Participants could leave the program at any point by texting back “STOP” or similar words to any message. When such a reply was received, SMS4dads staff manually activated the request using a password-protected webpage to remove the mobile number from all SMS4dads active elements. An automated message was then sent to the participants advising them that messages had stopped and asking them to provide a reason for their dropout request.

Data Collection for Attrition Analysis

Data collected for the attrition analysis included demographics, exit survey data, data related to 2 program features, and data on inactive participants.

Demographic Data

At enrollment, through the SMS4dads website, participants entered their age, baby’s date of birth (or expected date of birth), Aboriginal or Torres Strait Islander status, residential address, educational level, smoking status, alcohol consumption (based on the Alcohol Use Disorders Identification Test-Concise; AUDIT-C) [21], and whether their enrollment was for their first child; they also completed the K10 questionnaire.

Exit Survey

When participants texted “STOP” to SMS4dads, an automated message was sent asking them to provide a reason for their dropout request (1=“not helpful,” 2=“I did not sign up for this,” 3=“situation has changed,” 4=“too busy,” and 5=“other reasons”).

Program Feature Identification

Two features of the SMS4dads program, message content and K10 questionnaire invitations, were identified as possible triggers of dropout.

Message Content

Program messages (160 characters maximum) were designed to speak frankly to soon-to-be and new fathers offering tips and information requiring moderate (Flesch-Kincaid level <9 [22]) literacy level. It is possible that some messages suggesting paying attention to the infant or thinking about the needs of the mother would be off-putting or irritating as they may seem to criticize the father as inattentive or uncaring. To identify possible content triggers for dropping out, the unique message delivered immediately before a dropout request was recorded.

K10 Questionnaire Invitation

It is also possible that asking participants to complete a psychologically oriented questionnaire (K10) may have seemed intrusive or too demanding and led to participants withdrawing from the program [8]. Completion of the K10 at enrollment was mandatory, and once messaging began, participants were invited again to complete the scale once prenatally (conditional on receiving at least 4 weeks of messages) and 3 times after birth. To investigate whether K10 questionnaire invitations possibly increase the likelihood of dropout, the number of days between the most recent K10 invitation and a “STOP” request from the participant was recorded.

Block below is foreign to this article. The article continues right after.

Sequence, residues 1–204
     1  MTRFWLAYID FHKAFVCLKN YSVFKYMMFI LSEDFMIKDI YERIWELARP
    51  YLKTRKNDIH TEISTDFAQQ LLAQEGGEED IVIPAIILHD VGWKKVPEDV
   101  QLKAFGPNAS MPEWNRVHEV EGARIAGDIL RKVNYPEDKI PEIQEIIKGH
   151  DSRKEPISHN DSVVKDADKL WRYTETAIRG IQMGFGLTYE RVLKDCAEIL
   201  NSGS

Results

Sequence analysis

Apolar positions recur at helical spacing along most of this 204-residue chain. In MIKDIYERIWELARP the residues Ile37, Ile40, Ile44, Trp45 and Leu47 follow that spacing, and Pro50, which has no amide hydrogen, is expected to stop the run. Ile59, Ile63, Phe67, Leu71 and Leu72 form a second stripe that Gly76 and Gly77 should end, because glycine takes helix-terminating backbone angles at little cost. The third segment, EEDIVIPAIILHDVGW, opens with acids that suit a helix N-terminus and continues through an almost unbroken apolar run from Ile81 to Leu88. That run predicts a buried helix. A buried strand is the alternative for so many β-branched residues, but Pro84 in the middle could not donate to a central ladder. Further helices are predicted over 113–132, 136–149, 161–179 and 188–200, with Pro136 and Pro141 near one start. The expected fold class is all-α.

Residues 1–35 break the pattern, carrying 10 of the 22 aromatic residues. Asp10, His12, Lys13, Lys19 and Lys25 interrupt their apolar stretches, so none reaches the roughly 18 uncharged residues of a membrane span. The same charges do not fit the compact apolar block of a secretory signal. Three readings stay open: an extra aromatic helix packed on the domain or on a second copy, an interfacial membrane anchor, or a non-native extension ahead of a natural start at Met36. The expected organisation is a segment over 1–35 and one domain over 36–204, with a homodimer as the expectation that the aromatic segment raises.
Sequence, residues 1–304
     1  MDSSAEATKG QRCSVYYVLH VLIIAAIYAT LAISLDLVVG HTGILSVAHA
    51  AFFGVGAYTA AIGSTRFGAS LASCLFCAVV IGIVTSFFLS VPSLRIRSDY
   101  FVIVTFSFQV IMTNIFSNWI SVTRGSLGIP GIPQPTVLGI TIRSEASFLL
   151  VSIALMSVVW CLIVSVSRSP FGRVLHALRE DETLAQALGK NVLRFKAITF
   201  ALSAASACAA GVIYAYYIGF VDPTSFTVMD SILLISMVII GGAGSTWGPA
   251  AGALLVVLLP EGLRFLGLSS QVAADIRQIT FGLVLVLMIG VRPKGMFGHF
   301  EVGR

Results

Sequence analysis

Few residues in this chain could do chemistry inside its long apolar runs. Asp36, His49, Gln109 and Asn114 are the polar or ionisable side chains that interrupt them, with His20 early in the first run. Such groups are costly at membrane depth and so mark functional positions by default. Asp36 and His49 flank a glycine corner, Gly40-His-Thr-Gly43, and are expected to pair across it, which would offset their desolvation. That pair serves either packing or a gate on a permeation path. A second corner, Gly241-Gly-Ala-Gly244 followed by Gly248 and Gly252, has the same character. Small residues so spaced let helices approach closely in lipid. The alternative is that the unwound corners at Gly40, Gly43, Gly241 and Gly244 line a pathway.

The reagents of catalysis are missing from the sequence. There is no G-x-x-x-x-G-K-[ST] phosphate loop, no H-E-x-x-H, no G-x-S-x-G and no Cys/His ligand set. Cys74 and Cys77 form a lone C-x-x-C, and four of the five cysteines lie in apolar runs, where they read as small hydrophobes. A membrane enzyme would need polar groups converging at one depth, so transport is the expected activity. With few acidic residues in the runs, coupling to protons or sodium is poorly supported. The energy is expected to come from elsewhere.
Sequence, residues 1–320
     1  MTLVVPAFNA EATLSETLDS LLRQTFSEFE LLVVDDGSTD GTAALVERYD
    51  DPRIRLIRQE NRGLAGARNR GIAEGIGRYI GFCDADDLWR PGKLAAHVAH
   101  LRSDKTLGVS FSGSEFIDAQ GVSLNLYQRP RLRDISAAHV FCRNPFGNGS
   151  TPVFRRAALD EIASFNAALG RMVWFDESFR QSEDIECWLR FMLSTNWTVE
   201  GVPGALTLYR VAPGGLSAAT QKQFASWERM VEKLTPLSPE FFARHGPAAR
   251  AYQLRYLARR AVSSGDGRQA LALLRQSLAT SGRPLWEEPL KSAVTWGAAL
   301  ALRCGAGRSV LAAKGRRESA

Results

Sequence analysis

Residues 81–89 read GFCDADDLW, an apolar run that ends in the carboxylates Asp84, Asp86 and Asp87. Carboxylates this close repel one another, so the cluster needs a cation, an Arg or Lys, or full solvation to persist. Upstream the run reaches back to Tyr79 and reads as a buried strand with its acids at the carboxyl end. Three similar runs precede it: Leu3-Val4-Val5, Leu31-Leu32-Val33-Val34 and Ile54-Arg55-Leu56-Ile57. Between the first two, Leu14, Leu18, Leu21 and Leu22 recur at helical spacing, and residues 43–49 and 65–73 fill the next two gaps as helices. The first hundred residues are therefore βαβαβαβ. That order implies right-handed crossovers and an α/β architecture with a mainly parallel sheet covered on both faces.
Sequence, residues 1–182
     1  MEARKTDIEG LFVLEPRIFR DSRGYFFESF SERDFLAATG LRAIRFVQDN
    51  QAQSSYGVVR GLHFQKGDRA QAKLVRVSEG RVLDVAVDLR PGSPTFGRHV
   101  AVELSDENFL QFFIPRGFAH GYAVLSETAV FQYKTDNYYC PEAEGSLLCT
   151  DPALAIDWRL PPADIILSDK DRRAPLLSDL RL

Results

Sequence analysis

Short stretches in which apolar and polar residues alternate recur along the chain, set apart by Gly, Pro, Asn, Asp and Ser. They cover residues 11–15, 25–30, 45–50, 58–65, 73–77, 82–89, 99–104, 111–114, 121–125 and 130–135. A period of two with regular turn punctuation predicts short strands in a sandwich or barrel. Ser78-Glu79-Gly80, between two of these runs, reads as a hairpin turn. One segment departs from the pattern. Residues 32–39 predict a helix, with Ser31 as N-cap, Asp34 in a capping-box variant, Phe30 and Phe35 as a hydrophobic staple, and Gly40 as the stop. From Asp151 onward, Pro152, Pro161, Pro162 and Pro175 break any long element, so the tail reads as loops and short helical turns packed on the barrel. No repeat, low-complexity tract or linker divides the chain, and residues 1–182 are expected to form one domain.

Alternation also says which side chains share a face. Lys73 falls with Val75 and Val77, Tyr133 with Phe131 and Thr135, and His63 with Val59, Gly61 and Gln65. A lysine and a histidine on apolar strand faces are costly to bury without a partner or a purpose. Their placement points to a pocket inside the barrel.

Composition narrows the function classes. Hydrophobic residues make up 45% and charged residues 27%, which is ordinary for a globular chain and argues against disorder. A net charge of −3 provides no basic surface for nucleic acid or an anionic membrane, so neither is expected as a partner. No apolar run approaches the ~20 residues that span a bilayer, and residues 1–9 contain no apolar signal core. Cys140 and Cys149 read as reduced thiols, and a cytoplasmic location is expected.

Inactive Participants’ Identification

Inactive participants are those who remain enrolled in the SMS4dads program and continue to receive text messages but do not engage. Because the text messages sent to participants’ mobile phones did not require a login or response, participants were considered to be engaged when they clicked on the embedded website links within the messages or in the interactive Mood Checker texts. Clicks were automatically logged by the server software on the website.

From interview responses reported in an earlier pilot study of SMS4dads [23], it was apparent that new fathers experienced periods of competing demands across family, work, and relationships when they may be unable to read or respond to messages. Also, approximately 22% of those enrolled scored above the threshold for symptomatic depression on the K10, which included the question “During the last 30 days, about how often did you feel that everything was an effort?” It was assumed that a short period of nonresponse to text messages might indicate a temporary lack of engagement rather than signaling that the participant had ceased viewing the texts.